He moved his hand in circles, like a conjurer, starting at the bottom of the holster and coming up with the pistol. "It's a muscle-mind thing." He repeated the process twice, pulling the trigger each time. Snick.... snick.... "If you do something once, it's one thing. If you do it ten thousand times, it's something else. You don't stab. Just reaching for the pistol can get you into trouble — you break the motion and have to start again. This way I can begin to pull the trigger as I come up to here."
"We're talking milliseconds. You drop your shoulder a little and shoot from the hip. It's the opposite of the FBI crouch, which is supposed to help your balance but really's bullshit because it takes too much time. My way, you don't have to absorb any lead. Don't shoot for the body, it's a waste of time. If you have to shoot him, shoot him in the face."
He turned to me, five feet between us. "This is knife range. Now the natural tendency is to shoot low. I have special grips, to level the gun when my finger's on the trigger. Automatics are especially bad because you have to bring them up. I can shoot with just the feel of this gun. That's why I like a heavy six-inch barrel. I shot Rosa with a six-inch barrel."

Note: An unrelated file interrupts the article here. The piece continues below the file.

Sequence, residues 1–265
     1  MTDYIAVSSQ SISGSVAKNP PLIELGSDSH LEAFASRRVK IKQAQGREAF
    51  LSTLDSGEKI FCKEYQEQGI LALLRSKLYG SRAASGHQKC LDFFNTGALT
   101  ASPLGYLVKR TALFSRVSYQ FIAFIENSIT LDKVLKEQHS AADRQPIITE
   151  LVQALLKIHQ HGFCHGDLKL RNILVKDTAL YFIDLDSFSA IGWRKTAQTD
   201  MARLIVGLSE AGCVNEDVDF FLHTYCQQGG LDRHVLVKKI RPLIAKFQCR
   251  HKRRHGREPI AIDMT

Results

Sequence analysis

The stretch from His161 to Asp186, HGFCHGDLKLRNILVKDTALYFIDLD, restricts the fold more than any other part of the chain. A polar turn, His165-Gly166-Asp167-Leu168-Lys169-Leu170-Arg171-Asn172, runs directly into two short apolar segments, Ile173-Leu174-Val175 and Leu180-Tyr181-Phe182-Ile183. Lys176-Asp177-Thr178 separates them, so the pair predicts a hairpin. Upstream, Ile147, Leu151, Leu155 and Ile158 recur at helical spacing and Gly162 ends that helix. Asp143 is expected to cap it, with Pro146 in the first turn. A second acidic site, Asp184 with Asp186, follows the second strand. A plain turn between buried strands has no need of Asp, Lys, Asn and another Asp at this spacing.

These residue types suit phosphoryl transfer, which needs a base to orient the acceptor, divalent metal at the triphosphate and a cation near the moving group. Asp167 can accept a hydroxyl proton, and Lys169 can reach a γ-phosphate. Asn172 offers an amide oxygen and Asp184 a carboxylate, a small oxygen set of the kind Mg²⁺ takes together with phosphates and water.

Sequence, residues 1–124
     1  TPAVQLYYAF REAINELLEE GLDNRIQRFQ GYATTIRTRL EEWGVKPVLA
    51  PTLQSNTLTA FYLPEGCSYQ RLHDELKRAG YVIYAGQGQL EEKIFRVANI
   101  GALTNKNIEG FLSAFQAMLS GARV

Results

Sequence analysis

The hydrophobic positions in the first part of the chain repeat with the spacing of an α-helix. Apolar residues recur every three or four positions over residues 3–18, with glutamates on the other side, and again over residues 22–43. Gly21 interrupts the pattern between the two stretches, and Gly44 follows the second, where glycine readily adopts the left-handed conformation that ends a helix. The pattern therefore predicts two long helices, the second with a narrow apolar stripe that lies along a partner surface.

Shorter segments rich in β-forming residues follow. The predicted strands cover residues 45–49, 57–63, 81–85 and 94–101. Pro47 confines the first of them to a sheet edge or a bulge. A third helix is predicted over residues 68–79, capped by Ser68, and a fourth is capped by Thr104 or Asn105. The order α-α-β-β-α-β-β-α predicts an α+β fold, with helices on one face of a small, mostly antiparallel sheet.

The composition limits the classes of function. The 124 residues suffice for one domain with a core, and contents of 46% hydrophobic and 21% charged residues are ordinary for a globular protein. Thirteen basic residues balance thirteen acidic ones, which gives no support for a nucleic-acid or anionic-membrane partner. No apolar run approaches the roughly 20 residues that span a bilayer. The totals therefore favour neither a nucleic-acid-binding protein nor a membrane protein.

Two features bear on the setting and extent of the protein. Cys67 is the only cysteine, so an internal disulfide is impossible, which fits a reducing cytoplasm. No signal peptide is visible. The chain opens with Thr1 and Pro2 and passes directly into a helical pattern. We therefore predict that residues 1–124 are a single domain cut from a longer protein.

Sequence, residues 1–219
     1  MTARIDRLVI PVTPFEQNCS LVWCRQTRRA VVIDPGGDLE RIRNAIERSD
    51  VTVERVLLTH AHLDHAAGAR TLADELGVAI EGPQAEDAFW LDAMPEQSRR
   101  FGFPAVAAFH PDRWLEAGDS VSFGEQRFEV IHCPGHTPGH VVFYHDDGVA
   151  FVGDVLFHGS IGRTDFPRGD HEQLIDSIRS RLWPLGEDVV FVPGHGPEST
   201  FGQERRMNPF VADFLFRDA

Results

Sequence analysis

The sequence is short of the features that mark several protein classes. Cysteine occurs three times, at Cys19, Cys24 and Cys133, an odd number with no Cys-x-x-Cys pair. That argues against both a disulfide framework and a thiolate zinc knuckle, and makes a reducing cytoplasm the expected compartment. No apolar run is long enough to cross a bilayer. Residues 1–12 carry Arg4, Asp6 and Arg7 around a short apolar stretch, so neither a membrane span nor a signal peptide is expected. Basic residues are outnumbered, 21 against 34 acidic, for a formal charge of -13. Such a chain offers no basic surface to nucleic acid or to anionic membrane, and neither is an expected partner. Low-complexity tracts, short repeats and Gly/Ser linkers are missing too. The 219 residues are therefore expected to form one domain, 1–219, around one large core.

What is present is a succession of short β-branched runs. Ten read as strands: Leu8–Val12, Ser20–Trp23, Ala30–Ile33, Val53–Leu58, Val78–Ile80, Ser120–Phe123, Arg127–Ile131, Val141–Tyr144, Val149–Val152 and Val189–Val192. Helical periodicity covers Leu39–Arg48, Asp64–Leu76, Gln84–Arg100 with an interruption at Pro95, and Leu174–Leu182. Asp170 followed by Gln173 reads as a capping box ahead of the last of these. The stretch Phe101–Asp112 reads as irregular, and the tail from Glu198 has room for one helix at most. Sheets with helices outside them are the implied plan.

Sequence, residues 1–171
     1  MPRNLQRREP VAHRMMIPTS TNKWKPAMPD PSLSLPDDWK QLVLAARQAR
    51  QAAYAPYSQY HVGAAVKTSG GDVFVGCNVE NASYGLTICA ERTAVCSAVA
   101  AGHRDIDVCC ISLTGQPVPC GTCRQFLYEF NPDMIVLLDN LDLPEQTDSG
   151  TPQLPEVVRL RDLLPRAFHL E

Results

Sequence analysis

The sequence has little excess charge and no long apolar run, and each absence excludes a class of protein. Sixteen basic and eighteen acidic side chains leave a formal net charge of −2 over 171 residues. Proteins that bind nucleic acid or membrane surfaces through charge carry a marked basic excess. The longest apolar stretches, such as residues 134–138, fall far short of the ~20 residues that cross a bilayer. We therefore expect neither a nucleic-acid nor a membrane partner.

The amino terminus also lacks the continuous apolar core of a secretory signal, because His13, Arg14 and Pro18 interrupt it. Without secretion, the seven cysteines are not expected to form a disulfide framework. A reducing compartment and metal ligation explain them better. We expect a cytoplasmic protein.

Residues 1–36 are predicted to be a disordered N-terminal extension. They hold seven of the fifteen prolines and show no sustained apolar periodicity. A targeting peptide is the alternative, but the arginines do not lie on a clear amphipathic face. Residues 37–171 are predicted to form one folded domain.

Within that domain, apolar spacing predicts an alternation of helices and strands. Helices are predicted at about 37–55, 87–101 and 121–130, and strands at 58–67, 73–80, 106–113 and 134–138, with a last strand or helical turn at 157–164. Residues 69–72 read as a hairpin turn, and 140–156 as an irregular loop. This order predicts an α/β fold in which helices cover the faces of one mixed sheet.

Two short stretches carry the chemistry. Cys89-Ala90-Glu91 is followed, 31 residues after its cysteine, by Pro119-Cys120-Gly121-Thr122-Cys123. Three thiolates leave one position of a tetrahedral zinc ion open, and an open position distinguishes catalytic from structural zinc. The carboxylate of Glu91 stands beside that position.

"Right between the eyes."
He reloaded and holstered the pistol, and turned as if to go into the house. Suddenly the gun was in his hand again, cocked, his wrist pressed against his hip. I looked at this slight, wiry man with his very blue eyes, and saw in them a natural, utterly impersonal force that made the hair stand up on the back of my neck. The gun went off with a terrific roar, throwing up dirt a dozen feet away. The bullet had nicked the upper edge of a red rock the size of a half dollar.
"Shooting high today," said Ed Cantrell.